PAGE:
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45 3.3.1 Comparison of Conflict Resolution Policies In order to see the advantages and disadvantages of immediate and deferred restart policies we illustrate 4 cases that can arise when an HPT and an LPT conflict with each other as shown in Figures 3.1, 3.2, 3.3, and 3.4. For each case we evaluate 3 different restart methods, namely, OCC style deferred restart (DR-OCC), immediate restart (IR), and stop/resume deferred restart (DR-SR). DR-OCC. This policy is exactly the one used by OCC. The validation and restart happen at commit time. IR, This policy is exactly the one used by 2PL-HP. The validation and restart are done when data conflict occurs. DR-SR. This policy uses early stage validation but commit time restart. When an HPT conflicts with a lock holding LPT we stop the LPT until the completion time of the HPT. If the HPT completes successfully (commit) then we restart the LPT. Otherwise (i.e., if the HPT aborts) we resume the LPT. The following summarizes the alternative outcomes and their relationship to the conflict resolution policies described above: Case 1: Both LPT and HPT complete successfully as shown in Figure 3.1. It is clear that immediate restart is the best for them in order to have the earliest finish time for the LPT. Case 2: In this case HPT completes successfully and LPT misses its deadline. DR-SR looks better in terms of wasting the least amount of system resources (as shown in Figure 3.2), but the LPT's eff'ective service time of the IR approach is the longest among them. This indicates that IR has a much better chance of changing Case 2 to Case 1.

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46 Case 3: This case explains wasted restart of 2PL-HP most clearly. In Figure 3.3 IR is the worst among them due to wasted restart. Both deferred restart approaches, DR-OCC and DR-SR, are preferable in this situation. Even though DR-OCC looks the best among them DR-SR is equally good because during the LPT's stopped period we can execute other transactions. Case 4'This case (shown in Figure 3.4) happens when both HPT and LPT miss their deadlines. If we consider the waste of system resources, DR-SR is the best as it wastes less resources. Saving valuable resources reduces transaction arrival blocking under heavily loaded situations by giving many chances of execution to other transactions. This is likely to happen often in heavily loaded situations. Deferred Restart (OCC) L H Start O O restar; C) data conflict Immediate Restart L H 0 o resi tartt> commit Deferred Restart (Stop-Resume) L H Q O comrmt stop restart 0 commit commit commit cohimit Figure 3.1. Case 1: Both transactions finished successfully within their deadlines By analyzing the 4 alternative outcomes between HPT and LPT transactions, we notice that alternating IR and DR-SR selectively could be better than using a single conflict resolution policy. Based on this strong motivation we propose a new approach termed Adaptive Concurrency Control (ACC) that integrates DR-SR and IR together for firm RTDBS.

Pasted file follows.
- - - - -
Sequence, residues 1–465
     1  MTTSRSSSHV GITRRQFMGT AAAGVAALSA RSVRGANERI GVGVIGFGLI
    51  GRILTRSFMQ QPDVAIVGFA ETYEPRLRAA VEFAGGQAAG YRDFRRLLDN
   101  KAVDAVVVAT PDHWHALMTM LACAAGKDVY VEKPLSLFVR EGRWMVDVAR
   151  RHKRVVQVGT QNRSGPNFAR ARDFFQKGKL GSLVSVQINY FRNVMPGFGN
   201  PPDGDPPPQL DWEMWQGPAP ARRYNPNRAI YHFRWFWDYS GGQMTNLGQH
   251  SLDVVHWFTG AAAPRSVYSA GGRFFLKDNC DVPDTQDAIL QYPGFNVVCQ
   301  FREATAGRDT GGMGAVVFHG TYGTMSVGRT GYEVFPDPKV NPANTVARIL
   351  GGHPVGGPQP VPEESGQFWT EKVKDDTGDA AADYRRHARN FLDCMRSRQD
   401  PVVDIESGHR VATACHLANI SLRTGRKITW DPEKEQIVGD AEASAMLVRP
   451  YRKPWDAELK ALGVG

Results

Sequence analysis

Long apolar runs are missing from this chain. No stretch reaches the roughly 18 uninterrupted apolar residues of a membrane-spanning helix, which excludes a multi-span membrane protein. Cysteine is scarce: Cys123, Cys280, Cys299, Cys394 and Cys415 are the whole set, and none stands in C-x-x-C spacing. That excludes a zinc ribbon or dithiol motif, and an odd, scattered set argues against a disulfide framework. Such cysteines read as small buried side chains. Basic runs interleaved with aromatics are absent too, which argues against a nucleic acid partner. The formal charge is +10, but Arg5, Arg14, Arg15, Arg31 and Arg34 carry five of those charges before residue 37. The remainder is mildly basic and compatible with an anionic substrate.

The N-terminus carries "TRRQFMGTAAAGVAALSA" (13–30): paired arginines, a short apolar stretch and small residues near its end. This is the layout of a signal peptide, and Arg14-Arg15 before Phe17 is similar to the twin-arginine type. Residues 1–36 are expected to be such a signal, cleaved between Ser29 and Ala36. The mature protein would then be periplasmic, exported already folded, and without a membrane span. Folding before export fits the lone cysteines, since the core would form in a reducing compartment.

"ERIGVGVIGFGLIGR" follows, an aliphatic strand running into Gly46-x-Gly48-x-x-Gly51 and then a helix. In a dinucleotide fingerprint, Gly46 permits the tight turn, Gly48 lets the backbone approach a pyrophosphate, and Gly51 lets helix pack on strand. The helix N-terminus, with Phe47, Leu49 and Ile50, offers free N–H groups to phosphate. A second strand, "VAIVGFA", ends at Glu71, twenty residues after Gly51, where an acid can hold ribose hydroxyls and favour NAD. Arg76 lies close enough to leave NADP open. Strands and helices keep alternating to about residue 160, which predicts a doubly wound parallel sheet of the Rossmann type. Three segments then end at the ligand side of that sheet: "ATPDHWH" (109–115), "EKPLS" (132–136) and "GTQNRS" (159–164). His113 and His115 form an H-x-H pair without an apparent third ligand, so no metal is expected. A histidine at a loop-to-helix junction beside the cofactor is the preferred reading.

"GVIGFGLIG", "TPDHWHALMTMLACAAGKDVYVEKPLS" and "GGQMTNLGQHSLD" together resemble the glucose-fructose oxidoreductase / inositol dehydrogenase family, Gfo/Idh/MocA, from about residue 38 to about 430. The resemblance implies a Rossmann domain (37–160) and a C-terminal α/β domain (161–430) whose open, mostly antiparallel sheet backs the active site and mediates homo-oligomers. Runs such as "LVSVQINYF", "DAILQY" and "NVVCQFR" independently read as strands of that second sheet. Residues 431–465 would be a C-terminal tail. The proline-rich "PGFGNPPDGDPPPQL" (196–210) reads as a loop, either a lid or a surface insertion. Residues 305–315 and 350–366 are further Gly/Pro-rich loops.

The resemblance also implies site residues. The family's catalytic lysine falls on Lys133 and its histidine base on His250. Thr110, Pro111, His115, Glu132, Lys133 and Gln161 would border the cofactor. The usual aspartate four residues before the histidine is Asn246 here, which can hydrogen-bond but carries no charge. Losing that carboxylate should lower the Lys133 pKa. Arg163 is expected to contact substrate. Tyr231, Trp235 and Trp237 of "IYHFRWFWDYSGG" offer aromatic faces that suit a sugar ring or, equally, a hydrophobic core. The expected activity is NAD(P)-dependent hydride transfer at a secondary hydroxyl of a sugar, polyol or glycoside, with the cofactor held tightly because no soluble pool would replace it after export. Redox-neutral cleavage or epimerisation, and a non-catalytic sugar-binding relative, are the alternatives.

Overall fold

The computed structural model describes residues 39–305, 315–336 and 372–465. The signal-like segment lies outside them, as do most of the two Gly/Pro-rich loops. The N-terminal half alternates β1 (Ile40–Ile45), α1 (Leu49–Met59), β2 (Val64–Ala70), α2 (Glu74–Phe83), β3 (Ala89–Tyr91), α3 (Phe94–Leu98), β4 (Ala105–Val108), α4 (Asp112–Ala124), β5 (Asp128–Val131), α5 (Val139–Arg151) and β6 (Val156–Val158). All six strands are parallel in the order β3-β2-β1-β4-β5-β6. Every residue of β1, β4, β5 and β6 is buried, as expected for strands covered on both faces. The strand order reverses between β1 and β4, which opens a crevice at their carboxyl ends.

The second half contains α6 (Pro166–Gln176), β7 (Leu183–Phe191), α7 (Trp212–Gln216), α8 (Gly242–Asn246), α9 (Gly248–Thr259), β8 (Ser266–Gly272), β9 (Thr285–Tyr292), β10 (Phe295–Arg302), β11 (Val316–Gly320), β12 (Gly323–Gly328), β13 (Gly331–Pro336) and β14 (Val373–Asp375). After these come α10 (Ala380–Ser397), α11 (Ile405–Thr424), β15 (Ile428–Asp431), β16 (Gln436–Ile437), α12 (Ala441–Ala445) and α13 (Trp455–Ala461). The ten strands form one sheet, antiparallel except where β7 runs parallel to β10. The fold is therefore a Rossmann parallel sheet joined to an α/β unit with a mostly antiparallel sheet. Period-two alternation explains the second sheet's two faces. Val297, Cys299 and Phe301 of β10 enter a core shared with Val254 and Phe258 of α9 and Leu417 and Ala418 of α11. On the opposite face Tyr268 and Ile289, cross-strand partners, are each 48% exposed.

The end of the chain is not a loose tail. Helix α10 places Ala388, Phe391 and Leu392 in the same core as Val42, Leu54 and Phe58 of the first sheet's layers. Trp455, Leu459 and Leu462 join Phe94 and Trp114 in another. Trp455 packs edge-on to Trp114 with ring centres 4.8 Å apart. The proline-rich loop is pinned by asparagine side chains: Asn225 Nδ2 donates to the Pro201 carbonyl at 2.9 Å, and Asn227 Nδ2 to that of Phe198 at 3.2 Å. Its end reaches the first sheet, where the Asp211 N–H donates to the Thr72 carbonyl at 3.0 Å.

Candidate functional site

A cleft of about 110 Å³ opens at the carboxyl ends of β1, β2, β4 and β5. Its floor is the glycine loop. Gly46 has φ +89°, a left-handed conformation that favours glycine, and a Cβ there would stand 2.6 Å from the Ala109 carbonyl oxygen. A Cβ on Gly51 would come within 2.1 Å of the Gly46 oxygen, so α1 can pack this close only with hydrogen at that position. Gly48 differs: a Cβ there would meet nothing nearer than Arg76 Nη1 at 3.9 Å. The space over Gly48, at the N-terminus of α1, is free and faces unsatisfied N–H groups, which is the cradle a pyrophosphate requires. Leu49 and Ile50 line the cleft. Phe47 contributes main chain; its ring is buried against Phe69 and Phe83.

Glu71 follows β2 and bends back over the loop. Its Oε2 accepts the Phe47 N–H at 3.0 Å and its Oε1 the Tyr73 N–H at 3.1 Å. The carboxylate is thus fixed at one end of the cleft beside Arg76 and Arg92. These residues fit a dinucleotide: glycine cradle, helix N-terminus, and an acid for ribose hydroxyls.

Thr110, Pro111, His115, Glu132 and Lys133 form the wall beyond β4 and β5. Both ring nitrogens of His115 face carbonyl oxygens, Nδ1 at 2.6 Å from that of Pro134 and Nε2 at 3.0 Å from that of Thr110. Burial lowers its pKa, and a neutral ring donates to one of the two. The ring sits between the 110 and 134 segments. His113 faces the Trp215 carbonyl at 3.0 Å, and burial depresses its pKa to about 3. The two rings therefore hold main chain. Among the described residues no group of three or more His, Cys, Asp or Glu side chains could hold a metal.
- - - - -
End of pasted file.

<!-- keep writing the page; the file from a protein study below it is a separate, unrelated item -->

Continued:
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Deferred Restart (OCC) Immediate Restart L H L H st^ 0 0 0 9 data conflict: r sstart ( ^ restart. coimnit abort Deferred Restart (stop-resume) L H 0 0 stop commit restart 9 abort abort Figure 3.2. Case 2:HPT completed successfully, LPT missed Deferred Restart (OCC) L H Start 0 0 Immediate Restart data conflict L 0 restart abort commit H 0 abort commit Deferred Restart (stop-resume) L H 0 0 stop abort commit Figure 3.3. Case 3:HPT missed, LPT completed successfully Deferred Restart (OCC) L H Start 0 0 data conflict.. abort Immediate Restart L H 0 Q abort Deferred Restart (stop-resume) L H 0 0 stop resume 9 abort abort abort abort Figure 3.4. Case 4:Both LPT and HPT missed their deadlines